Melody Beal graduated Lehman College with a Bachelors in Theater. She completed a certificate in Film Production at NYU. She won two Audelco’s in Lighting Design, one for Rashomon (the play) at The Roger Furman Theater. She has worked as a Lighting Designer for two decades, preceded by a decade as a clerk at the Library of Performing Arts at Lincoln Center. Melody appeared as “Amina” in Eve Annenberg’s DOGS: The Rise and Fall of an All-Girl Bookie Joint. She plays “Melody” in Romeo and Juliet in Yiddish. She will play “Melody” in The Unorthodox, Eve’s new film project. There is something to be said for consistency.
Eve Annenberg Writer/Director/Actor
Eve graduated the Juilliard Acting Program, proceeded to Columbia Graduate School of Film, wrote and directed the eighty five thousand dollar feature “DOGS; The Rise and Fall of an All-Girl Bookie Joint” which was distributed in twelve countries and aired on the Sundance Channel “’DOGS” remains a rental fave on Netflix and sells on Amazon. It’s been deemed a stylistic predecessor to “Sex and the City”. Subsequently Eve was sole producer on “Killing Time” (Sundance Competition ’02); “Mitchellville (Sundance ’05); “I Hate Musicals” (Beverly Hills Short Film Festival) and a producer on “Make Yourself at Home” (Pusan Gala Section, ’08). Eve became a registered nurse shortly after 9/11 and worked for three years in municipal emergency rooms in Manhattan and Brooklyn. In 2006 she discovered Isaac Schoenfeld’s floating “Cholent” party in Manhattan and became involved with young Ultra Orthodox “leavers” and their trials and tribulations, incredible memories and tremendous wits. While developing this project she received funding for the feature, and changed the medium from HVX to the RED. Everything else stayed the same including the neo-realist casting and her commitment to doing much of it in colloquial Yiddish. Initial bits of the translation process uploaded to Vimeo garnered eight thousand hits in a time period of three weeks.
Eve brought ROMEO AND JULIET IN YIDDISH to fruition for less than $500,000, inclusive of fairy dust and with zero deferrals. Eve would like Lazer to go to film school, Mendy to business school, and for Moishy to stay out of jail. A girl can dream. She has the footage for a companion documentary and has just finished a script about Jewish Vampires called The Unorthodox with Matthew Jacobs. It was cited for its “Super Bad’ style dialogue in the Slamdance Screenplay Competition.
InYoung Choi – Director of Cinematography
Inyoung Choi is a Korean director of photography who is based in New York City. He studied film production at Brooklyn College and has worked as a director of photography and gaffer in film production, commercials, and TV since 2005. His credits as DP include about 40 narrative short films and three feature films, which were invited to numerous film festivals around the world. Films he has shot include Romeo and Juliet in Yiddish (2010), directed by Eve Annenberg, official selection New York Jewish Film Festival; Match (2011), directed by Kate Barker, official selection New Directors, New Films; Snap Shots (2010), directed by Andres and Kate Baker, official selection SXSW 2010; and Escape (2010), directed by Andres Rosende, world premiere at the 2010 Sitges International Film Festival. Inyoung was the winner of the DGA Eastern Region Student Film in 2010 for Monster (2010), directed by Jonghee Yeom, Official selection LA Short Film Festival 2010.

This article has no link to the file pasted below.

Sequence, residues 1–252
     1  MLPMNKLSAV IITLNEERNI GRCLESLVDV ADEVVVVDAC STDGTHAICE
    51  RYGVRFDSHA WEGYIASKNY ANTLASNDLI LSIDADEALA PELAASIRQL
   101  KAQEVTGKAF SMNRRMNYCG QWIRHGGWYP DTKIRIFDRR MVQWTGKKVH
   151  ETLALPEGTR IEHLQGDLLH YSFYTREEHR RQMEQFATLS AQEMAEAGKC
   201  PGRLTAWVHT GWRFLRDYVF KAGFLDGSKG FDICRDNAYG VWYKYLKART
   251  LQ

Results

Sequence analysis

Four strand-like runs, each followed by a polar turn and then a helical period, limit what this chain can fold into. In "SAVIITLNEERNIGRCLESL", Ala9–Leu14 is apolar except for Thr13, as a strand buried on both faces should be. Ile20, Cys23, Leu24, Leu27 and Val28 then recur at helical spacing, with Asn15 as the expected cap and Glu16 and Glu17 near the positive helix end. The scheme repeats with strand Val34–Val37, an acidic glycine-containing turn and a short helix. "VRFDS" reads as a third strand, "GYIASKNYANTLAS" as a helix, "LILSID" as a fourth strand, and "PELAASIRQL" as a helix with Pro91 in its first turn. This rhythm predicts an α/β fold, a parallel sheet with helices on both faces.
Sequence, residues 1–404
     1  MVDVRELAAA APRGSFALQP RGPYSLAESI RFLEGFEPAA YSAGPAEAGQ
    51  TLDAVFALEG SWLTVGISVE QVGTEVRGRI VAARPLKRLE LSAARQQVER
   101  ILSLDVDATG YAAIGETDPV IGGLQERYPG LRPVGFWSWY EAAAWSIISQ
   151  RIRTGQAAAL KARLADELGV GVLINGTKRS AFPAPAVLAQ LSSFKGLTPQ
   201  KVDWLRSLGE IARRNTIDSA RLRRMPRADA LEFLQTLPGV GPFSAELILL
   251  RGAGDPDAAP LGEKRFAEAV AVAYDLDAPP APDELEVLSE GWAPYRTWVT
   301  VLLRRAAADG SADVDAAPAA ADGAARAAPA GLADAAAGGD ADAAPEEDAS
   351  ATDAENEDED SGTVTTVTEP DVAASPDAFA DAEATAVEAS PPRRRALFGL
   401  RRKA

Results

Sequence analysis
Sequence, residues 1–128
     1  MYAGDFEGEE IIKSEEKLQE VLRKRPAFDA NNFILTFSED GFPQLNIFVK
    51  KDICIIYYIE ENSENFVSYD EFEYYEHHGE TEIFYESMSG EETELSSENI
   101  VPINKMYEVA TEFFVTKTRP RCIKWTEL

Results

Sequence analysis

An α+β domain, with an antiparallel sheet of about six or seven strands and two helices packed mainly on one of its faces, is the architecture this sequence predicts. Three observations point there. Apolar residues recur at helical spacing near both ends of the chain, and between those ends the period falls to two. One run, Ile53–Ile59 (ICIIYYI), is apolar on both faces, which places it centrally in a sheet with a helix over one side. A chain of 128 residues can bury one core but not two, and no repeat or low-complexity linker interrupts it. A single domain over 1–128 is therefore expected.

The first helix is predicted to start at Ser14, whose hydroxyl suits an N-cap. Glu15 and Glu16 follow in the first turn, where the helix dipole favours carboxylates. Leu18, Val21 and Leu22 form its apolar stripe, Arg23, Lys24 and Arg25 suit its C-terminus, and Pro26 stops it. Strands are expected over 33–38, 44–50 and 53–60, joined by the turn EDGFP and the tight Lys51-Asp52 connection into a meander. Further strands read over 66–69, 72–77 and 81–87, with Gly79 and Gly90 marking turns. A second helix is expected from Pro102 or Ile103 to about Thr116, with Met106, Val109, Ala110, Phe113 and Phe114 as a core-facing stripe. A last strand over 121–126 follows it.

Soopum Sohn – Additional Cinematography
Soopum Sohn is a film director, writer and cinematographer, based in New York. His short films include Island to Island, winner of a 2002 Student Academy Award, and Fish in the SeaiIs Not Thirsty, an official selection of the 2002 Cannes Film Festival (Quinzaine). MoMA programmed his NYU thesis film Make Yourself at Home (aka Fetish) for a one week run for ContemporAsian. As cinematographer, Soopum’s films include Mitchellville (dir: John Harkrider), which screened at the Sundance Film Festival 2005 (American Spectrum), SA-KWA (dir: Yi-Kwan Kang), winner of the International Critics Award at the Toronto International Film Festival 2005, Return of Sergeant Lapins and Happy New Year (SXSW film festival, narrative competition 2011). Soopum holds MFAs from the American Film Institute (Cinematography) and New York University (Directing).
Jack Haigis – Editor
Jack and Eve have worked together on two Sundance films and one which went to Sundance Channel, as well as having cut several of the seminal indies of the eighties, including Just Another Girl on the IRT and Straight Out of Brooklyn and a host of other successful films which can be seen on his website http://jackhaigis.com. Jack’s talent and tremendous musicality always take a project beyond its budgetary limitations and his extensive knowledge of film history is invaluable to the projects on which he works.
Joel Diamond – Composer
Joel Diamond composed the scores to Welcome to the Dollhouse and The Believer. He toured with the Rolling Stones in his prodigy youth. Additional cuts on the film come from Jacob Shulam Ment and Basya Schechter of Pharoah’s Daughter and there are a cappella renditions of Jewish liturgical classics and Yiddish niggunim by Shmully Blesovsky.
- June 18, 2015 New York, NY
- Kulturfest NYC
- January 10, 2013 Washington, DC
- Washington Jewish Film Festival
- August 7 & 12, 2012 Sao Paulo
- Festival de Cinema Judaico, Sao Paulo, Brazil
- June 26, 2012 Boulder, Colorado
- Boedecker Theatre, Dairy Center for the Arts, Boulder U.S.A
- June 2-7, 2012 San Francisco
- Vogue Theatre, San Francisco U.S.A
- May 11-17, 2012 Beverly Hills
- Laemmle’s Music Hall 3 Beverly Hills U.S.A